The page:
Jeff: My favorite hunt unbelievably was an archery hunt in the badlands of North Dakota. The reason I say unbelievably is that the people who know of this hunt, know this was the smallest deer I have ever taken. It was an archery hunt towards the end of October. I was with my best friends and I needed to fill my tag before basketball season started (I used to be the varsity head basketball coach). To make a long story short, the wind was swirling all day, which made hunting spot and stalk mule deer very difficult. I finally got a break in the wind and made a long move to close the gap to 50 yards. I made a perfect shot and the rest was history.
WBC: What has been your biggest struggle when it comes to hunting?
Jeff: My fitness level is by far my biggest hurdle when hunting. I feel as though my mental toughness has on more than one occasion pulled me through on a hunt when I was struggling physically. Hunting would definitely be a lot better and easier if I was in shape.
WBC: Our strengths can also be our weaknesses. What are your weaknesses that can inhibit you on your hunts?
Jeff: As I said previously, my fitness and mental toughness at times can be detrimental. For example, I was hunting river bottom white tails in the winter last year, and was pushing through willows while it was about 10 degrees Farenheit outside. I was trying to get to my tree stand quickly. In my own stubbornness, I pushed excessively hard. I got super sweaty and had to turn around and head back to the truck so I wouldn’t have to mess with hypothermia. That was just a stupid decision on my part. I should have left earlier and taken more time to get to my final destination.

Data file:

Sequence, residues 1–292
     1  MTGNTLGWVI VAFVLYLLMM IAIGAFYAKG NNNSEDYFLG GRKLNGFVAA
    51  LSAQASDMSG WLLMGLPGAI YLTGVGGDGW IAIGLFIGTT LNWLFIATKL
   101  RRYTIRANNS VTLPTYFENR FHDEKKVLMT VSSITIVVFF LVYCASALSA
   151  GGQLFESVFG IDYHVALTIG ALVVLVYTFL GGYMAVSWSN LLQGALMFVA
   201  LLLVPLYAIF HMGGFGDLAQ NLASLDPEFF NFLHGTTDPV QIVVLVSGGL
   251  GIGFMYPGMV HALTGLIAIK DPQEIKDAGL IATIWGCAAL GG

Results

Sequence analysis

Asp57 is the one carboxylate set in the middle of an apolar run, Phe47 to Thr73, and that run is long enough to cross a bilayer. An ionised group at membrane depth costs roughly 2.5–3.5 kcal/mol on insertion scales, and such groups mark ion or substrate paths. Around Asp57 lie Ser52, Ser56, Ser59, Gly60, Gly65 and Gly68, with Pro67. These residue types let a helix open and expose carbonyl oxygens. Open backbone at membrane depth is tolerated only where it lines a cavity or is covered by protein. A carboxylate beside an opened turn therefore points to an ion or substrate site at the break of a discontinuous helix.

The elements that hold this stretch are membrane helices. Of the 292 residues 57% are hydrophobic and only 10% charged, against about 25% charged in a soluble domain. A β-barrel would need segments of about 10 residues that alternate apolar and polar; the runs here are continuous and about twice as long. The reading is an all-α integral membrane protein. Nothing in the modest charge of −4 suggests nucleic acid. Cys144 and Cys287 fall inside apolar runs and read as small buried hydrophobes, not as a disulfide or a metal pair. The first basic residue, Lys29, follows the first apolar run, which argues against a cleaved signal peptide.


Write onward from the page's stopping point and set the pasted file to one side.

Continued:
WBC: What piece of gear can you not hunt without?
Jeff: That is a tough one because I feel every piece of equipment I carry has a very specific need to fill. However, if I had to choose one it would be my bino’s.
WBC: What is your favorite place to hunt and or species (i.e. terrain location, topography, region, and or state)?
Jeff: I have been many places to hunt as well as hunted several different animals. With that being said, I would have to say my favorite place to be is by far Sturgis Saskatchewan with my buddy’s from Jim Lake Outfitter hunting waterfowl. Like I said, I hunt a variety of animals in many different ways, but to me, I cannot say no to a layout blind in a pea field with thousands of mallards flying around and geese coming in wave after wave following the ducks. Just thinking about this response, makes find my happy place mentally.
WBC: What is one piece of advice you would have liked to have or know when you first started hunting?
Jeff: Hunting is not all about killing animals. There were many hunting trips that went without killing animals in my younger years. More often than not, I let not filling a tag ruin many of my experiences.
WBC: What is your social media account handles or website?
Jeff: You can find me on Instagram @sendit110
We want to thank Jeff for allowing us to interview him and for him sharing his insight and thoughts. If you want to know more about Jeff, be sure to follow along on his journey by checking out his Instagram account sendit110.
If you enjoyed reading the blog or can think of anyone that could benefit from the insight given, please share it with others. It is “OUR” job to continue the growth of the hunting and outdoor community. Be sure to invite someone to start hunting with you, you never know what type of impact it may have for them and their life.
If you would like to be featured in the blog series or know someone who should be, let us know by emailing us or direct message on Instagram.